Water from a fountain stands frozen in time outside a home on Twin Creeks Crossing last week in Central Point.

Cold enough for ya?

Tired of scraping ice off your windshield every day? Cheer up — frost-free mornings likely are to return by Wednesday.

Forecasters expect a weak winter storm to blow through Southern Oregon today, ending the air inversion that shoved the Rogue Valley into the freezer for most of January. The cold spell fell far short of setting any records, either for duration or low temperatures, but "regardless of all that, it's been cold," said Mike Ottenweller, a meteorologist at the National Weather Service office in Medford.

As of Monday, below-freezing temperatures were recorded at the weather service office on all but four nights of the new year (Jan 6-9). The coldest nights were Jan. 14 (18 degrees) and Jan. 20 (19 degrees), but it has been 25 degrees or colder every night since Jan. 11.

Our chilly interlude doesn't begin to compare with previous episodes of local cold. In January 1963, for example, there were 20 consecutive nights with a temperature of 26 degrees or less. And as recently as 2007, there were 13 straight nights of 26 degrees or less in late January and early February.

Ottenweller said cold, dry weather in January is quite common for Southern Oregon, and may occur any time something interrupts the regular flow of relatively warm marine air from the Pacific Ocean. When there's little wind, cold air settles and collects in low places, and it stays there until something (usually a winter storm) stirs the pot.

The resulting temperature inversion upsets the normal pattern of colder temperatures at higher altitudes. During the height of the inversion on Sunday, some workers at the Mt. Ashland Ski Area were tending chairlifts in their shirtsleeves. Ottenweller said some high-altitude weather stations recorded temperatures in the 60s.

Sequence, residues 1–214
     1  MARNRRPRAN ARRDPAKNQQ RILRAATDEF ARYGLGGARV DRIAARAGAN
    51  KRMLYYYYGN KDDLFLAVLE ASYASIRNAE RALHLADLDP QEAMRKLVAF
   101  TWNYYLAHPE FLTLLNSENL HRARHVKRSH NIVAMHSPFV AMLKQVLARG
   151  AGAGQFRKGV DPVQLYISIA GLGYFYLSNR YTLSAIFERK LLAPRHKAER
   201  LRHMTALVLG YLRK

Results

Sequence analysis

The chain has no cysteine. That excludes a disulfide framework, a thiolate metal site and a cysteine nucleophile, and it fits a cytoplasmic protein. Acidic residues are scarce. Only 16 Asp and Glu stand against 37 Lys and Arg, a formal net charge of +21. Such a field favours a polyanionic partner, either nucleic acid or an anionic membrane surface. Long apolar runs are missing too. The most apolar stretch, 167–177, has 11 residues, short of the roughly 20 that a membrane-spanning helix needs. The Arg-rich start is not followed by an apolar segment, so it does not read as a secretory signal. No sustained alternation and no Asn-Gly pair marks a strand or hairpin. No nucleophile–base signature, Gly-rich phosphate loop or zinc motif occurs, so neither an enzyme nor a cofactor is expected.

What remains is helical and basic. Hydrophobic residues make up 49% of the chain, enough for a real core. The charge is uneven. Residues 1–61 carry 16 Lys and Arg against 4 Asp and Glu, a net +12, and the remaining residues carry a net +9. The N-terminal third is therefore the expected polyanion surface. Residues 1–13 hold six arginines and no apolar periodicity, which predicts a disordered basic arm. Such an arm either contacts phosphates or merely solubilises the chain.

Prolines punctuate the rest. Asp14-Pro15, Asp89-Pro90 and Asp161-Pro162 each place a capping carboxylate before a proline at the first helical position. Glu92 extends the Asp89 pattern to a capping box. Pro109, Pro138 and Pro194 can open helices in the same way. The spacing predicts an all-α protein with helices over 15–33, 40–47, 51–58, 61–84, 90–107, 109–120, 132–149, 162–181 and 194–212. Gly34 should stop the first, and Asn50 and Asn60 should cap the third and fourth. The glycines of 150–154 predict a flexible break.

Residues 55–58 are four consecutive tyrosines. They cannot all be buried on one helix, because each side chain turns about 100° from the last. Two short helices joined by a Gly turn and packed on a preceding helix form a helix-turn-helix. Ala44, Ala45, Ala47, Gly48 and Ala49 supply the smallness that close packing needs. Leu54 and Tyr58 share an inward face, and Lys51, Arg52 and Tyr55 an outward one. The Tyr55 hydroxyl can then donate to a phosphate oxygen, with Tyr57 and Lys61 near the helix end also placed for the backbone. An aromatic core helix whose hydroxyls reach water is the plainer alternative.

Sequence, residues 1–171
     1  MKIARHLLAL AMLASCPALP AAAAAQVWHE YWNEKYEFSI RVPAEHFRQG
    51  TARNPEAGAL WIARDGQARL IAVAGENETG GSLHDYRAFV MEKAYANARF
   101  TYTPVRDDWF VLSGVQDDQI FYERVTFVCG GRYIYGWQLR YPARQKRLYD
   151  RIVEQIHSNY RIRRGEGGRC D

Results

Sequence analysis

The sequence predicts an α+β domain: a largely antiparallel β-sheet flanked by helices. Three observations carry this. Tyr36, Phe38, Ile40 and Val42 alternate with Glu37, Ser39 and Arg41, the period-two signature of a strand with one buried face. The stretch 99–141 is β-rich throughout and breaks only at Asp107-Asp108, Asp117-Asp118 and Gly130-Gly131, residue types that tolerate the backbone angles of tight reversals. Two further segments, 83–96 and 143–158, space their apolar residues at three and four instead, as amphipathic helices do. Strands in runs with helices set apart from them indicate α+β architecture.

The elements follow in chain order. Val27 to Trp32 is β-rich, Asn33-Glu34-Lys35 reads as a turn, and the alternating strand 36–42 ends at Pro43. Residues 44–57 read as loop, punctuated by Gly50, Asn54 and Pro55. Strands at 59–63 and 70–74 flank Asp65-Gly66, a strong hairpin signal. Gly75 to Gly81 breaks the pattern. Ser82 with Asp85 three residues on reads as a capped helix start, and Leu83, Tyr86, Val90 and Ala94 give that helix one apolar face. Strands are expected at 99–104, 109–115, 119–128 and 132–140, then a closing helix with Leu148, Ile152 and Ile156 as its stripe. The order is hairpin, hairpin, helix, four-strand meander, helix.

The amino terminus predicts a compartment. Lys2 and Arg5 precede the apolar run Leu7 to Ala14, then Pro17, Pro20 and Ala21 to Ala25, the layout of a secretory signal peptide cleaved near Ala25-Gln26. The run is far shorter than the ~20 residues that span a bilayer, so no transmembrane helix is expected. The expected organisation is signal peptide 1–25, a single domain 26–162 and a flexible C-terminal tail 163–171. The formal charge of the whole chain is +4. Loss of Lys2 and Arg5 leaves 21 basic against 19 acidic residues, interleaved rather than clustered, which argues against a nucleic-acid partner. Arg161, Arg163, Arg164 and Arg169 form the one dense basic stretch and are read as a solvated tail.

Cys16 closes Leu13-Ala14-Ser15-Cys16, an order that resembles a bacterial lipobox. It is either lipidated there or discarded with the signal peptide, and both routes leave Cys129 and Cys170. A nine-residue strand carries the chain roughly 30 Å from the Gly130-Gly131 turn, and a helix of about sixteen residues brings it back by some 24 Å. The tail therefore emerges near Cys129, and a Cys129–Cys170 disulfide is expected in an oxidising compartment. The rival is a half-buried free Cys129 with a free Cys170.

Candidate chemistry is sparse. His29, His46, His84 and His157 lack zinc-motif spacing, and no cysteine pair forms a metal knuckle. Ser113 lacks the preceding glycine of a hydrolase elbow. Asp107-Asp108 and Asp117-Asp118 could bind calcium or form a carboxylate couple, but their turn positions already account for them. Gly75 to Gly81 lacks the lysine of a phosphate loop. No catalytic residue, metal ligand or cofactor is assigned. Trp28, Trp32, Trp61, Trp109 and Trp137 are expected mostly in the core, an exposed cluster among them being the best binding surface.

Ottenweller said the current cold spell may have been influenced by a large storm in the western Pacific, which allowed high pressure air to collect over the eastern Pacific. The resulting "ridge" of high pressure diverted the flow of marine air north into Canada. That same Japanese storm prompted the weather service to issue warnings for big storm swells and sneaker waves on the Oregon Coast last week.

As high-altitude, jet-stream winds return to their more typical winter flow pattern over the Northwest, forecasters were expecting another storm to reach Southern Oregon as early as Saturday. Overnight low temperatures were expected to hover at least a few degrees above freezing, as clouds cover the region and act as a giant insulating blanket.

While we complain about our heating bills and slick streets, it's important to know it could have been so much colder. Medford's record low temperatures for January days range as much as 20 degrees colder than what we've been shivering through. The record low for Jan. 22, for example, is 0 degrees, set during a 1962 cold spell that saw temperatures fall below 10 degrees on four consecutive nights.

And you can always be glad you don't live on the east side of the Cascades. Klamath Falls set several new records last week for daily low temperatures, with readings near or below zero. Lakeview, about an hour further east, had the coldest night — 26 below zero — on Jan. 13.

Bill Kettler is a freelance writer living in Rogue River. Reach him at

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